This study documented the availability and price of more healthful foods to better understand the consumer nutrition environment of Leon County, Florida. Our findings suggest that store type is associated with the availability and price of more healthful foods. Neighborhood income level was related to the availability but not the price of some healthful foods.
Greater availability of foods in supermarkets compared with other food stores has been shown (10
). As expected, among surveyed stores, supermarkets had the greatest availability of all more healthful foods, followed by grocery stores and convenience stores.
Several studies have found price differences between store types for various foods (11
). Few studies have analyzed the price of more healthful foods, but previous studies have consistently found that supermarkets offer more healthful foods at a lower price compared with other food stores (10
). We found significant differences in price by store type for low-fat half-gallon size milk and 6 of 20 fresh fruits and vegetables. These items were significantly less expensive in supermarkets than in grocery stores and convenience stores. Some of the nonsignificant differences in the price of produce may be due to the time of year that the study was conducted, the absence of produce items in grocery and convenience stores, and the use of the USDA nutrient database to roughly estimate price of produce.
Previous consumer nutrition environment studies (16
) have focused on examining whether the poor and minority neighborhoods have less access to affordable foods and have found inconsistent results. We found no significant differences in the availability and price of more healthful foods by neighborhood racial composition, but neighborhood wealth was associated with significant differences in the availability of 10 of the 20 fruits and vegetable items surveyed, shelf space devoted to low-fat milk, and the availability of varieties of whole-wheat bread. Although it appears that stores in predominantly black and low-income neighborhoods in Leon County provide similar availability and prices of more healthful foods compared with stores in predominantly white and high-income neighborhoods, poor and minority neighborhoods have fewer supermarkets. Supermarkets are distributed fairly equally between high- and low-income level neighborhoods in Leon County, but the distribution of supermarkets by neighborhood racial composition is disproportionate (27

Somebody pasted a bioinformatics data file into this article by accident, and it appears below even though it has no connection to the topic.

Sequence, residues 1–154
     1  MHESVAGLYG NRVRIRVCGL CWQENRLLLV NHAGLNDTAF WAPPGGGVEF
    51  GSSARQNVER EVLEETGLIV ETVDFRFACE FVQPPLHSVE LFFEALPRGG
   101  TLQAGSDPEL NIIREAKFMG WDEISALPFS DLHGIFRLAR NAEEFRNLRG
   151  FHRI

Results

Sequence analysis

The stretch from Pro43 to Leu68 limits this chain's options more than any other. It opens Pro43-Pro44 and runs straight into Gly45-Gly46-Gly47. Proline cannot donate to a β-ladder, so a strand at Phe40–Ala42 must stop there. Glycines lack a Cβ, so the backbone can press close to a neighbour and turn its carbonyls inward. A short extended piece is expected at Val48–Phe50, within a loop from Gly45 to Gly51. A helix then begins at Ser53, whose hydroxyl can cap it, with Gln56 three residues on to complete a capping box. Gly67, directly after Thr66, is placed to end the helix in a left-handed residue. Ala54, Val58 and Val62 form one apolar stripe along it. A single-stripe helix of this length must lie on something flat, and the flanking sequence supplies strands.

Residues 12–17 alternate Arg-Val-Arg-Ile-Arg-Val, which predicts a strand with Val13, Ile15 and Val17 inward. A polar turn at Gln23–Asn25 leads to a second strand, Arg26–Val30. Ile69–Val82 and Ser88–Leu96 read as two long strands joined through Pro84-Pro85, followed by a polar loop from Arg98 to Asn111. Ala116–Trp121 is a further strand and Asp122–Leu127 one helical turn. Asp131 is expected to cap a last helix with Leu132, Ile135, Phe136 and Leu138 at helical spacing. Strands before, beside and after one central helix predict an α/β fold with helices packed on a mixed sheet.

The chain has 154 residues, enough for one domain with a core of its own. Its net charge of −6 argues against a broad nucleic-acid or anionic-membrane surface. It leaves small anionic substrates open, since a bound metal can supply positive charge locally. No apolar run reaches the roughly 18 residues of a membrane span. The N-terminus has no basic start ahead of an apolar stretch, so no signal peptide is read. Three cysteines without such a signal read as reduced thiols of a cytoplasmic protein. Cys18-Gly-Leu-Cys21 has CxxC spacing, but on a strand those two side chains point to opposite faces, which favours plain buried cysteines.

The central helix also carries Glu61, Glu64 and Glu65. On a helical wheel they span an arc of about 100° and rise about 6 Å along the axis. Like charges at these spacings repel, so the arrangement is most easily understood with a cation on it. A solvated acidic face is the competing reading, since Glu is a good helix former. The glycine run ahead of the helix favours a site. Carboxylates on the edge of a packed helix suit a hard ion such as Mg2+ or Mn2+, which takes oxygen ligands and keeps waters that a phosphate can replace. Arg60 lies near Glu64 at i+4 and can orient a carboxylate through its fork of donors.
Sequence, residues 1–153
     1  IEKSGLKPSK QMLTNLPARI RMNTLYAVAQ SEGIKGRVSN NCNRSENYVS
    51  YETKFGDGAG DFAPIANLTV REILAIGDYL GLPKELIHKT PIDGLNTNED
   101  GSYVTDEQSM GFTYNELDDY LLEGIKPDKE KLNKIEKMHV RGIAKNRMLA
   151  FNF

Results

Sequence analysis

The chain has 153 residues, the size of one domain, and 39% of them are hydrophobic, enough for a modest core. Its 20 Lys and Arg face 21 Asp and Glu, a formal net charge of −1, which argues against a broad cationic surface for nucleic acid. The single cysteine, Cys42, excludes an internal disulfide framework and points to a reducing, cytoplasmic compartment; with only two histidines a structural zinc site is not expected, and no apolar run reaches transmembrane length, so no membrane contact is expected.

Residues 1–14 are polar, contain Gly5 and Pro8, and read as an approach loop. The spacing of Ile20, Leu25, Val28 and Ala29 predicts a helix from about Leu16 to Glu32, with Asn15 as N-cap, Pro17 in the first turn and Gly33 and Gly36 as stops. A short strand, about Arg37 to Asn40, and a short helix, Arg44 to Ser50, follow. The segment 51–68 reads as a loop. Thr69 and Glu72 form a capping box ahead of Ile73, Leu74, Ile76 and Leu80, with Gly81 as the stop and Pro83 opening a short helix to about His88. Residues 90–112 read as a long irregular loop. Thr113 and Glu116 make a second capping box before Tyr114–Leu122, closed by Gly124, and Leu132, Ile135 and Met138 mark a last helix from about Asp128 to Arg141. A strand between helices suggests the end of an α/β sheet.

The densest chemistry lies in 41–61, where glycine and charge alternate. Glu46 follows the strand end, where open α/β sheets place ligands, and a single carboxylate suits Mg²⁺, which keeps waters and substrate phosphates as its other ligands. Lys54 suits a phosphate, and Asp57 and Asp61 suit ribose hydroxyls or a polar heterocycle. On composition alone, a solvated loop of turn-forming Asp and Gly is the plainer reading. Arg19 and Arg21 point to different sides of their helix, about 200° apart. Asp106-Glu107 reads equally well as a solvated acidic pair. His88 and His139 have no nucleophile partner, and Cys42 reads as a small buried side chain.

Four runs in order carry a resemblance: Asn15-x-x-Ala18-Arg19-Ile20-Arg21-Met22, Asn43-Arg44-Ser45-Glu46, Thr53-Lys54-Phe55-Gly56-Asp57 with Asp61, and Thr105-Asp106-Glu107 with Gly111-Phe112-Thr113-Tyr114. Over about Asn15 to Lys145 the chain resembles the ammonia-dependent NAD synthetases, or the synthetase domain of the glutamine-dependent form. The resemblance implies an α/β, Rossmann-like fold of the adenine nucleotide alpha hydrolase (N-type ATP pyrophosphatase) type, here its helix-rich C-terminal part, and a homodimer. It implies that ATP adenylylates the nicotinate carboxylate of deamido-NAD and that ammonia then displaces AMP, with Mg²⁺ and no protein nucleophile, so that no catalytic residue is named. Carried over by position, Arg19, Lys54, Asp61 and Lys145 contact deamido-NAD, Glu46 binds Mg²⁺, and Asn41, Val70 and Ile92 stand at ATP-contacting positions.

). This finding is similar to those of other studies, and this disproportionate distribution may influence the purchasing and consumption of more healthful foods among these populations (24
This study is unique because it was designed and conducted by health department administrators with the intent to make policy changes and interventions in their community. Administrators adopted the best available method by using the validated NEMS-S. Although the study was conducted in a single county at 1 point in time by using a convenience sample of a small number of stores, research has suggested that 1 observation of an area's consumer nutrition environment is sufficient to provide accurate data (29
). An additional strength of this study is its focus on the availability and price of more healthful foods that are essential to promoting health and preventing disease and that are the focus of federal dietary guidelines.
This study has many limitations. As with any consumer nutrition environment study, the findings of this study cannot be easily generalized or compared with those of previous studies for the following reasons. First, this study used census tracts to define neighborhoods. Although research has found that residents' definition of a neighborhood is comparable to a census tract, most neighborhoods include parts of at least 2 census tracts (30
). Making associations between neighborhoods and their accompanying nutrition environment relies on the assumptions of understanding where people shop for food and the various contexts in which a person's food-related behaviors occur. Second, this study used census tract-level demographic characteristics to determine neighborhood wealth and racial composition. Similar to Morland and Filomena (16
), we defined predominantly black as more than 80% of the population. Other studies have defined predominantly black as more than 75% (31
) or used more than 50% nonwhite or Hispanic populations or both to define a minority population (26
). Third, a range of store type definitions have been used in previous studies. Depending on which source is used, the results of a study may vary. Other potential limitations of the study include the use of the USDA nutrient database to estimate produce prices, inaccurate or unclear data collection resulting from human error, and the convenience sampling that was used to select stores to be audited.
This study suggests that access to supermarkets and more healthful foods varies by neighborhood, which may negatively influence people's eating behavior. By employing the best available tools and method, nutrition environment studies can be used to provide convincing evidence to policy makers, administrators, and consumers that will encourage improvements in neighborhoods that lack adequate access to affordable, healthful food. Examples of such improvements include advocating for large retail stores, farmer's markets, and community gardens in disadvantaged neighborhoods.